• Michael Eamon Osborne

    I think the “Kojiki” is a “reawakening” of its people & by naming the ship “Izumo” brings the people together as one nation – a very special moment . . . . a sense of Identity & it’s exactly what Japan is trying to say. It’s a reminder of who they are & where they are at. I feel Japan is trying to regain her identity back & I tend to support this view! It is their “Culture” & understandably, they don’t want to loose that! it is the “Land of the rising sun”

  • Starviking

    This article shows the errors that can creep into a work when the writers have no experience of military matters.

    First to the photo caption. The current Izumo is not “Japan’s first helicopter carrier”. That accolade is reserved for the Hyuga, launched in 2007.

    Secondly, Gustav Heldt may think that Japan’s THIRD helicopter carrier is associated with the battleship Yamato. However, the fact is that there is a JSMDF tradition of naming helicopter carriers after ancient Japanese provinces. Current helicopter carriers all carry province-related names.

    There is one Imperial forebear of the Izumo, an armorered cruiser which was active from 1900 to 1945. Not a battleship.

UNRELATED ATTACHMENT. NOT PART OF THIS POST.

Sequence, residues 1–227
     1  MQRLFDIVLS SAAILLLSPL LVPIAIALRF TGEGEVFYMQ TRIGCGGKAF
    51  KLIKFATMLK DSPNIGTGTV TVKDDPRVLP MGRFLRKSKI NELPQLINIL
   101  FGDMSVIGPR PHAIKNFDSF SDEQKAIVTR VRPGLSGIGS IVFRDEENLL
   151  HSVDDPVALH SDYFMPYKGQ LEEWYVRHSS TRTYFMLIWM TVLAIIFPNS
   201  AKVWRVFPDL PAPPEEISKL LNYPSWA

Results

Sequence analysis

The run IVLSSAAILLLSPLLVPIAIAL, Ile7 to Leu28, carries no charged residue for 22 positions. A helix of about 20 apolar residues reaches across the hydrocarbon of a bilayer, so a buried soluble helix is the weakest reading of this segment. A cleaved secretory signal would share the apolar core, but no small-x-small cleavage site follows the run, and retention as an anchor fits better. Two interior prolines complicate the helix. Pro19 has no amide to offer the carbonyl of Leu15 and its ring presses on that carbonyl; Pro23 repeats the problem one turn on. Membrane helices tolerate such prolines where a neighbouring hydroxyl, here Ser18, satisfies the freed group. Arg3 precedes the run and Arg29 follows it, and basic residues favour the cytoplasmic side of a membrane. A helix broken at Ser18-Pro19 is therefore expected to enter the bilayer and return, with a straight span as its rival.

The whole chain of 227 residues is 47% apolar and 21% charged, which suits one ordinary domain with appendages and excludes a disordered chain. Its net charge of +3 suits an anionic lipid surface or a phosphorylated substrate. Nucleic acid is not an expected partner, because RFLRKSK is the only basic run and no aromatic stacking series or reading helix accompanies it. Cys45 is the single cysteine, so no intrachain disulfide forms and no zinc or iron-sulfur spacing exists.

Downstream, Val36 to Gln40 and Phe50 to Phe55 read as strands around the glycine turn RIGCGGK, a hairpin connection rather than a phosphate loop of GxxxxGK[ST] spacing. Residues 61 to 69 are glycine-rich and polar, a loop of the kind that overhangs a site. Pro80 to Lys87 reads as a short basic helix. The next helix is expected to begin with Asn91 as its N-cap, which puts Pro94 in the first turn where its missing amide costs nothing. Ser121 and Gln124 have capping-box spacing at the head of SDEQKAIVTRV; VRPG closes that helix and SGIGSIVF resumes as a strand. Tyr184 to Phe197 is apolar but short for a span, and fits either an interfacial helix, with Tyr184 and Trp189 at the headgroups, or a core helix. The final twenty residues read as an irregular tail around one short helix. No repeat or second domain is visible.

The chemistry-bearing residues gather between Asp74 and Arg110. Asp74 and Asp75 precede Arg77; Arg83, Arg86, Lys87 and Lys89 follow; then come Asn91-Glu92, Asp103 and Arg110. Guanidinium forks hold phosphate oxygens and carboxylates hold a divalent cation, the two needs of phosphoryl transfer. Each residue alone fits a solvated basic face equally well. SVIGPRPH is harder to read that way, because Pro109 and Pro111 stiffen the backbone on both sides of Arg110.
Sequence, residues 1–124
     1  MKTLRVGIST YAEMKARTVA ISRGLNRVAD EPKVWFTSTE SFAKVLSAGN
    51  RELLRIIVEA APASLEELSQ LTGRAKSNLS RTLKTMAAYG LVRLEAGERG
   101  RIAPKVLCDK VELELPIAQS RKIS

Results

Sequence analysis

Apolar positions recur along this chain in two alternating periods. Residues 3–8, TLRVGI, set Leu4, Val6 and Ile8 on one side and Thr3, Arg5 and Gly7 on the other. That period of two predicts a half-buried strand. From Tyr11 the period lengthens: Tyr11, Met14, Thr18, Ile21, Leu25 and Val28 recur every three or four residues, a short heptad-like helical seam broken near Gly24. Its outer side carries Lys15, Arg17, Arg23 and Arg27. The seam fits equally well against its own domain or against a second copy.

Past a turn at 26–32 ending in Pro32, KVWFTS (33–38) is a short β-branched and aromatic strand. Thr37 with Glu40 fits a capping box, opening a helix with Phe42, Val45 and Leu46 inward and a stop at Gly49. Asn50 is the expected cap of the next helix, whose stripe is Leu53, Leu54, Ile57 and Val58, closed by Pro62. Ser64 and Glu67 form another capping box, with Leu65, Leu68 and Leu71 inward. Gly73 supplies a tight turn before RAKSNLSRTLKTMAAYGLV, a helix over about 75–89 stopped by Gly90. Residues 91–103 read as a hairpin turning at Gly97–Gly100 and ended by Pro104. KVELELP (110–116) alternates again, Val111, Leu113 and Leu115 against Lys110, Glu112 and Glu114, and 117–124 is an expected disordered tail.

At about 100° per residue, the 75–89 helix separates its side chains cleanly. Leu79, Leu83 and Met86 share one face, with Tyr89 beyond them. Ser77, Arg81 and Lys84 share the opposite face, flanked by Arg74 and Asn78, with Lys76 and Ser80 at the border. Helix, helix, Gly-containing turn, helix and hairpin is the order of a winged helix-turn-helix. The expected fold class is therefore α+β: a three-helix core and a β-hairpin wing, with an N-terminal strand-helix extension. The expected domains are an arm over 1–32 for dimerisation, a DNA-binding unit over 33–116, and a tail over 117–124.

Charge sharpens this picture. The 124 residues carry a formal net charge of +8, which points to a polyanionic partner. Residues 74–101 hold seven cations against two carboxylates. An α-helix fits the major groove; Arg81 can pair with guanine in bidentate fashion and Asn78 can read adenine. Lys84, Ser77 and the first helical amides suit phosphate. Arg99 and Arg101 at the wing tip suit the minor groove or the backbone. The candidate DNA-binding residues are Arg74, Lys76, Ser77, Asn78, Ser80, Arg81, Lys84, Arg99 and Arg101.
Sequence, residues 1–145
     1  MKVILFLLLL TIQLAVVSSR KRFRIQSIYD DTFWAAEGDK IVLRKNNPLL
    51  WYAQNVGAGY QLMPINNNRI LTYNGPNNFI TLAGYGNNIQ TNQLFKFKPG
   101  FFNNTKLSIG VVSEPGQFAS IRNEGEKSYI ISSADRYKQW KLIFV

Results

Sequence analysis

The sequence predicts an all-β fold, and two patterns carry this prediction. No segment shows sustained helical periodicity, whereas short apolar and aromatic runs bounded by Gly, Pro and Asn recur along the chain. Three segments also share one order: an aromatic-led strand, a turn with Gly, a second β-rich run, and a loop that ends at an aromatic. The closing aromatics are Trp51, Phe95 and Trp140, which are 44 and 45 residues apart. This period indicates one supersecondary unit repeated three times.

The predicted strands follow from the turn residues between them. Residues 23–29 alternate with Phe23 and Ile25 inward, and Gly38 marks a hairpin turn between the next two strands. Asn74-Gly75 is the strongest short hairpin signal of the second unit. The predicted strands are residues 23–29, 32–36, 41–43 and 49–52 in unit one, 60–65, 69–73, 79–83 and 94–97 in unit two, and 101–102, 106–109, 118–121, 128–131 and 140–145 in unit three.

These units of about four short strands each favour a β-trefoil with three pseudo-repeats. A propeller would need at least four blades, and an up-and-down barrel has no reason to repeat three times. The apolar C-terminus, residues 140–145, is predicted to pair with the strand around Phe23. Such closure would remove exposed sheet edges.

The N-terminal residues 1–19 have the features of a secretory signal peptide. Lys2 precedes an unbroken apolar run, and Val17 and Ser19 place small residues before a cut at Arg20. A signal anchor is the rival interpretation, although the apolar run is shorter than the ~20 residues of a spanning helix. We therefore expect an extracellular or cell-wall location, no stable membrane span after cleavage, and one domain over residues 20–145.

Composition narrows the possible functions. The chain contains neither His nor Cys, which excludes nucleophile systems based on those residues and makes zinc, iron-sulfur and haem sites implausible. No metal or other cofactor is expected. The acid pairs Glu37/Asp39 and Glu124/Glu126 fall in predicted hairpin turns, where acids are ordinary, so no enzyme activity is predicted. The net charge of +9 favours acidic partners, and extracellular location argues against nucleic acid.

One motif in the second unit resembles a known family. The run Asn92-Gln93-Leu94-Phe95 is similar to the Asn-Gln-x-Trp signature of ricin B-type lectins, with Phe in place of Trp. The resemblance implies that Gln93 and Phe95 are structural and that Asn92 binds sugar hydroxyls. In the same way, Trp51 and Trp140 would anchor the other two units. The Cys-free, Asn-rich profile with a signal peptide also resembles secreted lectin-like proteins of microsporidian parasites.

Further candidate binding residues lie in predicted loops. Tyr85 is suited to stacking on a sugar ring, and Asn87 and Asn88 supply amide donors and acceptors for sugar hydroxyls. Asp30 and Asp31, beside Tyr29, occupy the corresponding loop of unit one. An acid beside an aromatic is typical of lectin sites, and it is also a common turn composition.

If the JMSDF had wanted to link to a battleship, they could have called it Musashi, a sister ship of Yamato, and an ancient province too.

    • theirs

      Don’t forget about the Osumis. Sure they are technically amphibious assault ships and officially called LSTs, but they’re helicopter carriers too. Off course these new DDHs are logically related to the previous four, they’re anti-submarine warfare and command ships. The major difference is in the increased emphasis on using helicopters for antisubmarine warfare. I’m actually interested if Izumo has more aviation facilities than her predecessor, especially as there doesn’t seem to be a major increase in ASW equipment.

      I do think that the association of the names between Yamato and Izumo is plausible. When Izumo (1900) was launched, they haven’t really settled down on a naming convention for types of ships, or even on how to classify their ships.
      They finally ended up using names of provinces for battleships. Of course they hardly bothered to change the name even if they changed the ship type, but you can generally see what type of ship it was originally ordered as.